When a farmer in Otago, New Zealand, saw a bizarre-looking lamb in his flock, he first assumed a wild goat had snuck in and impregnated one of his ewes. The newborn had a lamb-shaped body yet was coated with straight, lustrous wool, more like the hair of an angora goat than a typical sheep. News of the “geep” (or sheep-goat hybrid) soon reached the local papers but, when scientists saw photos, they immediately suspected the baby animal was something else. For decades they had been hoping to study a rare woolly mutant called a “Felting Lustre” mutant: a sheep which has straight, fine wool instead of the usual crimped stuff.

Soon farmers from all over New Zealand were phoning the wool researchers and reporting strange lambs  

“You can see it when the lambs are born, they have a different sheen,” says Jeff Plowman, a wool researcher at New Zealand’s AgResearch science company. “It doesn’t have a dull look, it’s shiny and bright.” But the naturally occurring mutants often die as lambs because of other genetic health problems with their skin, teeth and lungs. Finding one robust enough to study is difficult. This little “geep” didn’t survive its first winter; however DNA testing before it died confirmed it was 100% sheep – leaving the scientists determined to find others like it. “We started advertising around,” says Plowman.

Soon farmers from all over New Zealand were phoning the wool researchers and reporting strange lambs, only too pleased for a chance to be rid of their unwanted mutants. Even when the lustrous creatures live to adulthood they suffer from chills, and damp, matted coats, making them virtually useless as shearing animals. Eventually Plowman and his team found the sheep they had been waiting for: a mutant so tough she had already survived a winter living in the frigid hills.

Maxine, as she became known, was destined to become dog food unless the scientists saved her. “The farmer said, ‘We’ve found your sheep and, actually, she’s in the dog tucker paddock because the wool is useless’,” says Plowman.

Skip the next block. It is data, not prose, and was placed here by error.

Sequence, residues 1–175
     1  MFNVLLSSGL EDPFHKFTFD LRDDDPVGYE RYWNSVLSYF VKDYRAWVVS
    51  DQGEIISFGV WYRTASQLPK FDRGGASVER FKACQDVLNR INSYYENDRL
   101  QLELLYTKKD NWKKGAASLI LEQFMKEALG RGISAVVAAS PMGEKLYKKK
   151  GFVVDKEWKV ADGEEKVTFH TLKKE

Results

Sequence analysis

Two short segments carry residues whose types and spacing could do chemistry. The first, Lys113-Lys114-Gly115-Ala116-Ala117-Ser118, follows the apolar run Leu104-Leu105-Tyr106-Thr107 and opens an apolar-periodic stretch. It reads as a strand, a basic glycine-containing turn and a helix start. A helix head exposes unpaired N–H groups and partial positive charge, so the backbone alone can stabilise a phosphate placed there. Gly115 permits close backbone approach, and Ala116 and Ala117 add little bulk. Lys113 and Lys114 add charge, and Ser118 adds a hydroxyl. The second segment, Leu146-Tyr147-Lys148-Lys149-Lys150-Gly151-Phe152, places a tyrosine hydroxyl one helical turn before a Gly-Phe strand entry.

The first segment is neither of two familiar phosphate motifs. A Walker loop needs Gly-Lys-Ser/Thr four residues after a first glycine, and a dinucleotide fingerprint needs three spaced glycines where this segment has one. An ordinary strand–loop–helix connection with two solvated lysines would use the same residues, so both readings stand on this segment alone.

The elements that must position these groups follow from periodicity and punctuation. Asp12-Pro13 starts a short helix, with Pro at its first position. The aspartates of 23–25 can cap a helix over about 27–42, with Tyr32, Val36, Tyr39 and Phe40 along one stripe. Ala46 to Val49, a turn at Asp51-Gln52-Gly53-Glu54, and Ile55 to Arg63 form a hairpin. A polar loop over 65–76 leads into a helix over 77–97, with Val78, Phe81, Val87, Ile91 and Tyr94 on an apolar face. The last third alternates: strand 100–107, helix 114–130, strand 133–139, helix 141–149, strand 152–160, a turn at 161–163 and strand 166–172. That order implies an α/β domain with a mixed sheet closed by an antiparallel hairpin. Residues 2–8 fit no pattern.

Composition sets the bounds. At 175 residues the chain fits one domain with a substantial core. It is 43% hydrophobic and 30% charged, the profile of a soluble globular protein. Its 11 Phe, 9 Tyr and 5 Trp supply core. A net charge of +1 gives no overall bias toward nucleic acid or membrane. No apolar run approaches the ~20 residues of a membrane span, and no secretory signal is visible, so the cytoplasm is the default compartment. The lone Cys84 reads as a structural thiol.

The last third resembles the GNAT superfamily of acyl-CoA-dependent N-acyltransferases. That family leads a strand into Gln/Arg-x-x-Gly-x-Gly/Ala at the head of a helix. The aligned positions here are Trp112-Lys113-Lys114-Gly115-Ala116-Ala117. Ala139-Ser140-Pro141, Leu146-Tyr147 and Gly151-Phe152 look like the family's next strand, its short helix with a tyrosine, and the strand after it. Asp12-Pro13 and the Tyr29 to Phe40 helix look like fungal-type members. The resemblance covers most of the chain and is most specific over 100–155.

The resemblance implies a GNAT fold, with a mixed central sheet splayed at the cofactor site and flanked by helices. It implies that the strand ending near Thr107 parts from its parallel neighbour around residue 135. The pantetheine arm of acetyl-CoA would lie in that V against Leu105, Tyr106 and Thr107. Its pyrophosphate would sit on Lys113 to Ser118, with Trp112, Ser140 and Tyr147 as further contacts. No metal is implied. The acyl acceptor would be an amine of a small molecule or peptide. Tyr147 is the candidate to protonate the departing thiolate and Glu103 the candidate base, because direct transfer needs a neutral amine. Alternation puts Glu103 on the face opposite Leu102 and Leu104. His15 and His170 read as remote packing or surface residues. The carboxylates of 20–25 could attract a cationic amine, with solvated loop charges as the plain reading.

When the scientists mated Maxine with an ordinary merino ram, they found something surprising: her mutation was genetically dominant. She gave birth to Sharon the sheep: a strong, healthy young ewe with silky, straight wool, who researchers are hoping holds vital clues to solving a range of hairy mysteries, from identifying human hair at crime scenes, to designing shinier, softer wool, to uncovering the secret to better hair care products.

Hair growth

Along with producing milk, growing hair is something humans share with all other mammals, including seemingly-distant relations such as echidnas and platypuses, says the wool project leader at AgResearch, Duane Harland. Mammals’ hair comes in a range of textures. A sheep’s wool is much more like ours than, say, the fur of a lab mouse, says Harland. That’s what makes sheep valuable research subjects for studying the structure of human hair (along with the fact that scientists can selectively breed sheep, whereas doing so with humans would be creepy).

Even the basic properties of hair – such as what determines whether it looks straight or curly, or why some people’s is prone to frizz – remain a little mysterious, says Harland. “Of all the biological fibres that exist, for example silk or cotton or other things, hair is one of the most complicated,” he says. “It’s complex enough that we don’t quite understand how things are arranged on a nanometre scale and the way in which the different proteins are combined to define the structure.

“For example, why does some people’s hair frizz up when it’s humid? That’s of a lot of interest to personal care companies because we really don’t quite understand what makes it happen to people. The sheep provide the link,” says Harland.